Lisa: One of my favourites is The Nothingness of Ben, by Brad Boney. It’s about a big city
lawyer who has to return to his small home town to raise his teenage brothers when
their parents are killed in a car accident. So you have the MC dealing with his grief,
while suddenly having to learn how to be a parent, and also falling into a new
relationship that comes with its own complications. I especially liked how the child
characters were all fully developed characters of their own. They all felt very real.

Hannah: Two Man Station challenges hypermasculine tropes in romance. The book explores parenting, male grief, and domestic abuse in particular. Did you consciously decide to challenge the hot cop trope, or did it just happen after developing three-dimensional characters?

Lisa: It never actually occurred to me that I was challenging the hot cop trope, but that may
be because in my day job I work as a police dispatcher, and I know way too many
cops. I mean, some of them are certainly nice to look at, but when you work alongside
a certain profession for a while then it takes a lot of the well, the romance out of it. I
definitely wanted to show policing as the job rather than the romanticized cliché, if
that makes sense. There’s nothing glamorous or exciting at all about 90% of police
work: it’s terrible hours, sleep deprivation, and dealing with the same thing day in and
day out. I’ve also worked with police for long enough to know that police officers can
be both perpetrators and victims of domestic violence, because of course domestic
violence can happen in any relationship, with people from any walk of life.

Hannah: I see. The cover is gorgeous. What was your experience in its design?

Lisa: I think I’ve been in love with every cover I’ve ever received from Riptide. I did
request Natasha Snow for the cover, because she’s done such amazing work for me in
the past. From what I remember the only specification I gave was for “red dirt”, and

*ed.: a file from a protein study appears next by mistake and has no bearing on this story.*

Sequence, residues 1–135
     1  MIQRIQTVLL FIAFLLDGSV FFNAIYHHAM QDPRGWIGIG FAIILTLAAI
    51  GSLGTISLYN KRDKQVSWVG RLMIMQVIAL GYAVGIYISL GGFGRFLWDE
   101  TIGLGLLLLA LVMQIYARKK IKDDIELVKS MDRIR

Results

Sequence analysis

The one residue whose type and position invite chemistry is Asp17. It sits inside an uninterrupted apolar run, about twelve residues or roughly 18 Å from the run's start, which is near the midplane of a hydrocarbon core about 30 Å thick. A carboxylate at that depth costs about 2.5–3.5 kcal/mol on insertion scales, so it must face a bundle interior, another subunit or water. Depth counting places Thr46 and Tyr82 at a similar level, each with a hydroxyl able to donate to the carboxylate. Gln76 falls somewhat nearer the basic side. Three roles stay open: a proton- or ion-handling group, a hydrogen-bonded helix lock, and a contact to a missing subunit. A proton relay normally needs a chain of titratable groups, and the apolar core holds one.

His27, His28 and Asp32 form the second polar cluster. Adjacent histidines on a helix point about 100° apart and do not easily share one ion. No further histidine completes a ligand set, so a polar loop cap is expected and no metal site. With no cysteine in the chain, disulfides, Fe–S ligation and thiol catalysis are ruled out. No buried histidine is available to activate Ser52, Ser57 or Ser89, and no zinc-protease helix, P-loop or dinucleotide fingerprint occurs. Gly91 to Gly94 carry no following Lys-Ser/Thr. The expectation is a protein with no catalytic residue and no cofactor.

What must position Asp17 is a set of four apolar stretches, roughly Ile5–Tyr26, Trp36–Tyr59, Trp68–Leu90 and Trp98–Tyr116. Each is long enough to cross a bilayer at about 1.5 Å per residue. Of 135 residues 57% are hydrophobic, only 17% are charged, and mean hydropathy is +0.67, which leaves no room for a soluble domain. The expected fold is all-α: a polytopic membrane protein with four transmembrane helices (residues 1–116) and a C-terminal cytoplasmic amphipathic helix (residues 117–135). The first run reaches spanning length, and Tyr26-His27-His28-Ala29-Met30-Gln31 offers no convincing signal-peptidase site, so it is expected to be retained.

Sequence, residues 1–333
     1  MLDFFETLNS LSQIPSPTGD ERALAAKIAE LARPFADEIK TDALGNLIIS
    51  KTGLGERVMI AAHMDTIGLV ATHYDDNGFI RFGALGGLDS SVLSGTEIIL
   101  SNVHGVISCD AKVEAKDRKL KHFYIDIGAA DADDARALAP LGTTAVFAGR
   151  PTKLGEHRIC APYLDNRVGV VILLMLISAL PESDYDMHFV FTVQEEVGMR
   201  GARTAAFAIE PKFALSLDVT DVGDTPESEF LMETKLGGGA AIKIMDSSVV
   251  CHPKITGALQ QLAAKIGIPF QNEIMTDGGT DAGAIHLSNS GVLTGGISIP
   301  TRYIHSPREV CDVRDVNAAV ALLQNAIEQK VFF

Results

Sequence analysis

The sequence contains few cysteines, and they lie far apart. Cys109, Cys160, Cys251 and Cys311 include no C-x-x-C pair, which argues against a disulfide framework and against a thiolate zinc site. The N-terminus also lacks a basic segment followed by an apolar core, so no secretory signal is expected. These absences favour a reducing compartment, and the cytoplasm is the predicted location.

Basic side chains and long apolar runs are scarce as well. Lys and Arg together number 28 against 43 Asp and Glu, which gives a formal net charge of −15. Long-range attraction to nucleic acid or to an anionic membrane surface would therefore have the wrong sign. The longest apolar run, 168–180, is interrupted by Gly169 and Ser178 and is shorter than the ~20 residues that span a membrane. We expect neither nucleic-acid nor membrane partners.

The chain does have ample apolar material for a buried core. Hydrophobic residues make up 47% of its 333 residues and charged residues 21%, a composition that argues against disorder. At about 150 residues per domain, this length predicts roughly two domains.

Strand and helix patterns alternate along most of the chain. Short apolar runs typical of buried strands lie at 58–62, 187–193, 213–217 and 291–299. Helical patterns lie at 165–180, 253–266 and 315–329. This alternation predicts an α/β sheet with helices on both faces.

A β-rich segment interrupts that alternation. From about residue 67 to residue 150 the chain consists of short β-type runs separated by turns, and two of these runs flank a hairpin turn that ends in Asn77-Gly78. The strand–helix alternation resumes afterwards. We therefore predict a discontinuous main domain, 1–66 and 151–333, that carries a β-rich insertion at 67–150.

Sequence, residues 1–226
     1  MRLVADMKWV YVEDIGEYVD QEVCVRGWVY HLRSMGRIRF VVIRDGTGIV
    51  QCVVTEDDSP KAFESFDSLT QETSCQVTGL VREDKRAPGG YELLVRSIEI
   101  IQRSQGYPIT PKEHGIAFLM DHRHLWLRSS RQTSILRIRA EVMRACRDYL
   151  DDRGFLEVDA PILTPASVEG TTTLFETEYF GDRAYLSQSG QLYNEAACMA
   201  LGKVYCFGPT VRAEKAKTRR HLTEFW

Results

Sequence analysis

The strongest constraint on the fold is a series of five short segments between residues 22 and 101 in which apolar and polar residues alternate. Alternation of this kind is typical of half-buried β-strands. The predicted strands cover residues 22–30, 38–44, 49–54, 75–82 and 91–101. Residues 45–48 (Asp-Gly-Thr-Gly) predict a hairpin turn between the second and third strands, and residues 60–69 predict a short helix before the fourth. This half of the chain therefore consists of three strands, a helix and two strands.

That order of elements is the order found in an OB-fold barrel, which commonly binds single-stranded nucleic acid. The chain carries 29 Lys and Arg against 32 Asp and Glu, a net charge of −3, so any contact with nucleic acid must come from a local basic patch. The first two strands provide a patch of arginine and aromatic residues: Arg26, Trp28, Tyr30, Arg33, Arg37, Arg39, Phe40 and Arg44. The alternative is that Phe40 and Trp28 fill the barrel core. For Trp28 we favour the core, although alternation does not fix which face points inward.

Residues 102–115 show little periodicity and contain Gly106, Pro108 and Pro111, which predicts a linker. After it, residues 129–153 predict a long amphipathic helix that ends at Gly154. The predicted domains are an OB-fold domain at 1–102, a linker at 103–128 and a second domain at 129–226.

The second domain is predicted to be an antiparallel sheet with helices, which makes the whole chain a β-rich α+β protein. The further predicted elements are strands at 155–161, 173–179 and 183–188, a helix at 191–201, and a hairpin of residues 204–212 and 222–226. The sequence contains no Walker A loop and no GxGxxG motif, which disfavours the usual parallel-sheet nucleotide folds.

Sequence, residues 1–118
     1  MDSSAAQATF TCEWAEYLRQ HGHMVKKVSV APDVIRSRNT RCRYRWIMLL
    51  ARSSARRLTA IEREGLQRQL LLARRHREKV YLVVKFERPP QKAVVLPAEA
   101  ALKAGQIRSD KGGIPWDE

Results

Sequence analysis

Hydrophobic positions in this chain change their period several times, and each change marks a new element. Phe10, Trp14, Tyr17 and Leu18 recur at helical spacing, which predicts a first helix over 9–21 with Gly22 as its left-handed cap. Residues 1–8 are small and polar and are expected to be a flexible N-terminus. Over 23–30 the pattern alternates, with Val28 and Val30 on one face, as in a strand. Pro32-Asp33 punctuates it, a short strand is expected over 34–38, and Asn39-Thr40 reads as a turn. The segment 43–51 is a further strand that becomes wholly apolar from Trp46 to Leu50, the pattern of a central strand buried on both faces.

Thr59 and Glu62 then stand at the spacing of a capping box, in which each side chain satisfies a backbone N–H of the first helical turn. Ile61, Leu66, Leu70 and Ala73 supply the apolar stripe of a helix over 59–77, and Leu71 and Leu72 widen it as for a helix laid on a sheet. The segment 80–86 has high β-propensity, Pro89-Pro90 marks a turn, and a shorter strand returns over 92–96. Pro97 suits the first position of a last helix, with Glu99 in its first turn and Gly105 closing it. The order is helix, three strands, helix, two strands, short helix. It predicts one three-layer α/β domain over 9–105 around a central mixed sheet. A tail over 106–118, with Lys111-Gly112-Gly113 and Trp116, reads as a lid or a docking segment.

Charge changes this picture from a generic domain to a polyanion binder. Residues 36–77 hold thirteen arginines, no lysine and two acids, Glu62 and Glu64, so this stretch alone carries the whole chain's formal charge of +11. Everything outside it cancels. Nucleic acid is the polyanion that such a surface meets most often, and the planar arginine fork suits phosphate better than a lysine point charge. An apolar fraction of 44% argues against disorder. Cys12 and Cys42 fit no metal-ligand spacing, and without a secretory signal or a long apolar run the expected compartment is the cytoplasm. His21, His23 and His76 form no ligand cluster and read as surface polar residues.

the cover Natasha came up with is just perfect. That looks like western Queensland
for sure!

Hannah: Finally - what can we expect from you in the future?

Lisa: I’ve got a few things lined up that will be coming out soon. I have a modern m/m
retelling of Sense and Sensibility, called The California Dashwoods, that will be
coming out from Riptide. Meanwhile, JA Rock and I are working on our next Prescott
College book.

And my next book in the Emergency Services series that follows on from Two Man
Station
will be coming out sometime soon as well. It’s called Lights and Sirens, and
it’s about a police officer and a paramedic who hate each other… right up until they
don’t!

Don’t forget to leave a comment, for your chance to win a prize of a $20 Riptide voucher plus a small package of Australian goodies that I’ll post worldwide. The winner will be drawn on January 31.

And thank you so much to Hannah for hosting me on Queerly Reads, and for
interviewing me!

About Lisa Henry

Lisa likes to tell stories, mostly with hot guys and happily ever afters.

Lisa lives in tropical North Queensland, Australia. She doesn’t know why, because she hates the heat, but she suspects she’s too lazy to move. She spends half her time slaving away as a government minion, and the other half plotting her escape.

She attended university at sixteen, not because she was a child prodigy or anything, but because of a mix-up between international school systems early in life. She studied History and English, neither of them very thoroughly.

She shares her house with too many cats, a green tree frog that swims in the toilet, and as many possums as can break in every night. This is not how she imagined life as a grown-up.

Connect with Lisa:

Peculiar Terms: Reading and Re-reading Homestuck

Peculiar Terms: Reading and Re-reading Homestuck

Webcomic Review: Harbourmaster

Webcomic Review: Harbourmaster